Block grants have become a popular rhetorical device, holding out the promise of restoring local control to lessen the Federal bureaucracy.
Recent legislation marking the first major change to public housing since the Depression, did not cut spending, but actually increased funding paid for with federal taxes, even while holding out that the block grant system was devolving power to the States. A token effort similar to this was made in the early 1970s under Nixon called "revenue-sharing." It did not work and was dropped.
This new method will not work either. Whether the bureaucrats are in Washington or in the state capitols, it will not change the dynamics of public housing. Public ownership, whether managed locally or federally, cannot replace the benefits of private ownership.
Further, the block grant method of allocating funds does not eliminate the need to first collect the revenues nationally and politically distribute the funds to the various state entities. Collection and distribution which has nothing to do with the reality and everything to do with redistributing wealth to the benefit of politicians and special interests. Wealthy states, like Texas, will never get their money back, even if every program is block granted.
And of course, strings will always be attached, no matter how many safeguards are written into the block-grant law. The process of devolution is an adjustment in management and does not deal with the philosophic question of whether or not the federal government - or even the state governments, for that matter - ought to be involved in providing housing.
The high hopes that this process will alter the course of the welfare state will, I am sure, be dashed after many more years of failures and dollars spent.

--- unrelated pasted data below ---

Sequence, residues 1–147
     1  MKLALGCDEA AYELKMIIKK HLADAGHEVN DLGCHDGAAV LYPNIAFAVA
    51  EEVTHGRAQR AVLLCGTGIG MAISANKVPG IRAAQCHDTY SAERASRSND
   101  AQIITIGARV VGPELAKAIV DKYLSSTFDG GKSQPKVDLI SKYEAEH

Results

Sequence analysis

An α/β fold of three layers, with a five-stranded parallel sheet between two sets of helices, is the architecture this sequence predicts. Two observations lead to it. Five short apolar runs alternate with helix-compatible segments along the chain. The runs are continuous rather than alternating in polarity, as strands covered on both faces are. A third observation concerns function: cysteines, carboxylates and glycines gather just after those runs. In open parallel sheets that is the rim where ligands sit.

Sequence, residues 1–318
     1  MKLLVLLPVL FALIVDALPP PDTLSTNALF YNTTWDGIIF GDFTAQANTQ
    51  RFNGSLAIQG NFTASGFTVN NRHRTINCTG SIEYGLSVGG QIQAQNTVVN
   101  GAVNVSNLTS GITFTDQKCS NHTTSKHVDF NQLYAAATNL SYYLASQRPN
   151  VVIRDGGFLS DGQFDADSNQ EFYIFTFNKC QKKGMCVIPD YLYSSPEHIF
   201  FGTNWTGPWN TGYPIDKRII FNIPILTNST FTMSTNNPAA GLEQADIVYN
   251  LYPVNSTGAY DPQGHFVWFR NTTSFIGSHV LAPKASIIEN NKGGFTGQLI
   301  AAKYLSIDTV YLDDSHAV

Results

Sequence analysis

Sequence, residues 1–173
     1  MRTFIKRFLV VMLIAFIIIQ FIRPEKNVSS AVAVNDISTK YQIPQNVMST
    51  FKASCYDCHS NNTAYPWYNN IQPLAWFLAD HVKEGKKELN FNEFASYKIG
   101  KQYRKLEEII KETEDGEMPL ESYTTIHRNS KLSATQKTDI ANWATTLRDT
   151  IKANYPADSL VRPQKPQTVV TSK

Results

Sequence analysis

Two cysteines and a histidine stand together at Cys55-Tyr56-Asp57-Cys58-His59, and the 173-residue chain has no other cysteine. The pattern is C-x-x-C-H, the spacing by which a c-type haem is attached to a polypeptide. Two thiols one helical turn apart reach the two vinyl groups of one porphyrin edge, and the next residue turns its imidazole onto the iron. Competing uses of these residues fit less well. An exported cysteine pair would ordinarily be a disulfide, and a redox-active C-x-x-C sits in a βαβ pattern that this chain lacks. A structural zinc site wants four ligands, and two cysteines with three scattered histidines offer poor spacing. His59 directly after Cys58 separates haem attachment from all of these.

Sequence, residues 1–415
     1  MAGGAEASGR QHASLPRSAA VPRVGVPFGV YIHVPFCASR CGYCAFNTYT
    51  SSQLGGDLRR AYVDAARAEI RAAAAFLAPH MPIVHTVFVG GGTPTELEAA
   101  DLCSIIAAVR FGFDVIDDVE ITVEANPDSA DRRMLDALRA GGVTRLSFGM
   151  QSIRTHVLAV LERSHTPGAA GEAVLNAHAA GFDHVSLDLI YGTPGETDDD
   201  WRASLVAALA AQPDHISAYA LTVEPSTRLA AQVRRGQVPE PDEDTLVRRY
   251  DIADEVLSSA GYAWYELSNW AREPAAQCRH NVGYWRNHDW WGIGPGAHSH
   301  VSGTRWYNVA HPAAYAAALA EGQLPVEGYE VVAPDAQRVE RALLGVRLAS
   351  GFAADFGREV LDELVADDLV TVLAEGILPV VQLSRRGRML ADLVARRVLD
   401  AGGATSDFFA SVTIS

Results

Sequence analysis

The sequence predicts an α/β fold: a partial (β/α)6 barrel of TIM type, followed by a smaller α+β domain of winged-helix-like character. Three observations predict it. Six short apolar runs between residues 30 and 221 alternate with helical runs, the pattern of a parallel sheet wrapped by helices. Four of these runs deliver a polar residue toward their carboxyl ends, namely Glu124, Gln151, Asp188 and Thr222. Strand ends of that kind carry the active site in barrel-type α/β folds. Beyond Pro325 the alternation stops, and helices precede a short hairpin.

There is essentially no serious consideration in Washington for abolishing agencies, let alone whole departments. If funding for the obscene, wasteful and wholly-unconstitutional NEA cannot be cut, which agency of government could we expect to be?
The devolution approach is not the first choice of proponents of big government, but it is acceptable to them. Why? The calls for more spending are usually satisfied as the supposed advocates for smaller government agree to more money so as to get the symbolic block grants passed into law. In the end, all the politicians, in spite of the rhetoric, are content, because they can sing both sing pleasant tunes to their special-interests. But the taxpayer loses because the money is still taken, at ever increasing rates, from their wallets.
Devolution is said to be a return to States Rights, since it is inferred that management of the program will be decentralized. This is a new 1990s definition of the original concept of States Rights and will prove not to be an adequate substitute.
At the same time these token efforts were made in welfare, education and human resources reform, Congress gave the federal government massive new influence over adoption and juvenile crime, education and medicine. Block grants to States for specific purposes after collecting the revenues at the Federal level is foreign to the concept that once was understood as States rights.
This process, even if temporarily beneficial, will do nothing to challenge the underlying principle and shortcomings of the welfare State. Time is against the advocates of big-government, but unfortunately, in the meantime it is also against the wallets and well-being of the taxpayers.